Yesterday turned out to be an okay day as well, which was kind of unexpected. Ian had his first day of class, so he was out the door pretty early and Svein wanted to see the apartment complex's many ammenities.
I showed him the mailboxes, and explained how we drop off our mail, which was a great surprise to him. Apparently, his mail people won't take mail from people. I asked if that was because the mail man drove a boat among the fjords. Apparently, that's not really the case.
Then we hopped across the road to our lovely trash compactor. Except... it was broken and taken away for repair so signs told us to put our trash in the dumpster. Small problem....no dumpster. So we just neatly laid it on the ground NEXT to where the compacter belonged and I told Svein that we wouldn't get arrested unless the police traced the trash back to our address. He was slightly concerned.
Then, off to the clubhouse and pool! When going through the front doors of the clubhouse, I pointed out a police posted sign for a wanted man- "Hey! That's our lawn man!" He did NOT think that was too funny. Mainly because he thought I said "Law Man," like a governor or mayor. So I untangled that conversational knot as we stepped out onto the pool deck.
Here was a little less eventful. We laid out in the sun, read our books, and occassionaly jumped into the pool to cool off. I did, what is a perfectly acceptable sport here in fine America. People Watching. The watering hole is a great place to see a collection of interesting people.
Apparently, people watching is not an international sport. In fact, Svein was quite concerned that I would get caught watching other people, and informed me that it was considered very rude where he came from. I told him that, of course, I don't STARE. And continued to teach him the subtle art of people watching where you glance here and there in order to figure things out about the people around you. And...if someone decides to stare back at you, then, and only then, if you are brazen enough, may you stare back.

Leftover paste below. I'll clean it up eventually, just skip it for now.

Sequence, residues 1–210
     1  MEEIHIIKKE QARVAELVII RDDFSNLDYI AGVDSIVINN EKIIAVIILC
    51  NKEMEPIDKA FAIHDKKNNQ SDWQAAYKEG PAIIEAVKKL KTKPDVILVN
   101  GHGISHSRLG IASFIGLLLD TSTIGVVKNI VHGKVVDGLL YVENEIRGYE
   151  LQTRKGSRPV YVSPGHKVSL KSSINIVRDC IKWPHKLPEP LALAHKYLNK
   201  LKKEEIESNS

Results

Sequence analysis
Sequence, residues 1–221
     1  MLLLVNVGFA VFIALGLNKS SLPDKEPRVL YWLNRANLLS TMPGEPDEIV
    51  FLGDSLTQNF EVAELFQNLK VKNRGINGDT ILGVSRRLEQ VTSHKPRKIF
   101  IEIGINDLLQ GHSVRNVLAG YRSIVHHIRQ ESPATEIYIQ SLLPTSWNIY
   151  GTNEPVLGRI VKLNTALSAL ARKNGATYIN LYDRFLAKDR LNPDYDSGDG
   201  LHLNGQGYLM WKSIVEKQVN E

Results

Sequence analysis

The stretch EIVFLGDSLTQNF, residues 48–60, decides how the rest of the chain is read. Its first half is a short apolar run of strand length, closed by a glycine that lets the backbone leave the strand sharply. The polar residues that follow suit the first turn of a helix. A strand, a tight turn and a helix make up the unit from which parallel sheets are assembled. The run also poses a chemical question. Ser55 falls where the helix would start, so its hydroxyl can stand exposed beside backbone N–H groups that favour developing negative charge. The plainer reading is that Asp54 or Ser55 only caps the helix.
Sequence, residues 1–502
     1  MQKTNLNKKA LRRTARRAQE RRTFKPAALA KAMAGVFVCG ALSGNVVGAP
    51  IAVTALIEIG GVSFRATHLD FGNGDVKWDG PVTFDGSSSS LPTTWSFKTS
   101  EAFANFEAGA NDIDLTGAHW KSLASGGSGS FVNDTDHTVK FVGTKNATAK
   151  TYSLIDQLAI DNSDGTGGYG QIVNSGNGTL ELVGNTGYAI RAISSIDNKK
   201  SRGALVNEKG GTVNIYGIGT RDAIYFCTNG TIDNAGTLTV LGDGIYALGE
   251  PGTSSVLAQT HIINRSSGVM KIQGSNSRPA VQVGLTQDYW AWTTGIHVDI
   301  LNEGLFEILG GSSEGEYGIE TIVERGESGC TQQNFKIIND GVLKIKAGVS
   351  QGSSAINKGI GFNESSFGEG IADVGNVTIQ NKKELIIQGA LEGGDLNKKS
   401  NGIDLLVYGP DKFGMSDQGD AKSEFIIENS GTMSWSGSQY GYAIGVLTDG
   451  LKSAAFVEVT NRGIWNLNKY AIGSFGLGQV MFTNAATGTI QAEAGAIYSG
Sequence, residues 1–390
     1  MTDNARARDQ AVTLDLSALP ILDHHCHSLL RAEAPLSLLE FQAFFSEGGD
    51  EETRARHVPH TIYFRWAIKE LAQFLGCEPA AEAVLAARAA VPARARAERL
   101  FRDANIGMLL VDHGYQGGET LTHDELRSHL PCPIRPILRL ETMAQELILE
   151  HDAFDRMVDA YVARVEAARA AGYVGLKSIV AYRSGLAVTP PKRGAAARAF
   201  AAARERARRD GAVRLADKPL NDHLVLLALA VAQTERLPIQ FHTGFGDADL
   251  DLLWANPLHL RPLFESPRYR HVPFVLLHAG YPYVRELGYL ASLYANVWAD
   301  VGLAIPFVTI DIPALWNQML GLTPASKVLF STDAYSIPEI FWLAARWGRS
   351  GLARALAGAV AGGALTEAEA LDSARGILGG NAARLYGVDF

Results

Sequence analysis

The middle age group of women who intently watched me back because I was reading a Christian novel that they recognized (A voice in the wind.)
The mom with two sons who must be fresh off the boat from Japan. They were very good swimmers though.
The young family with their baby daughter who they insisted wore a GIGANTIC sun hat that she could barely keep her head up with.
And then, a foreign family with 3 young boys. I had seen this family before, and was very intrigued. The father chooses one son to work with, and "coaches" him on swimming technique for hours. The poor boy of choice is very obediant and does lap after lap while his other brothers and other pool children play. The only thing is, their accent is unidentifiable. I thought that maybe it was italian, but decided it wasn't. Then Svein joined in and helped me rule out Greek, Russian, and Romanian. We finally decided it was probably Hungarian. I am glad that I taught Svein something important from the US. People watching is a skill that every body should learn.
So here's to happy "pEEple wootching." What kind of interesting people have you seen today?
Currently, my husband is explaining the many *benefits* of eating raisin bran. A conversation I am glad to be not a part of.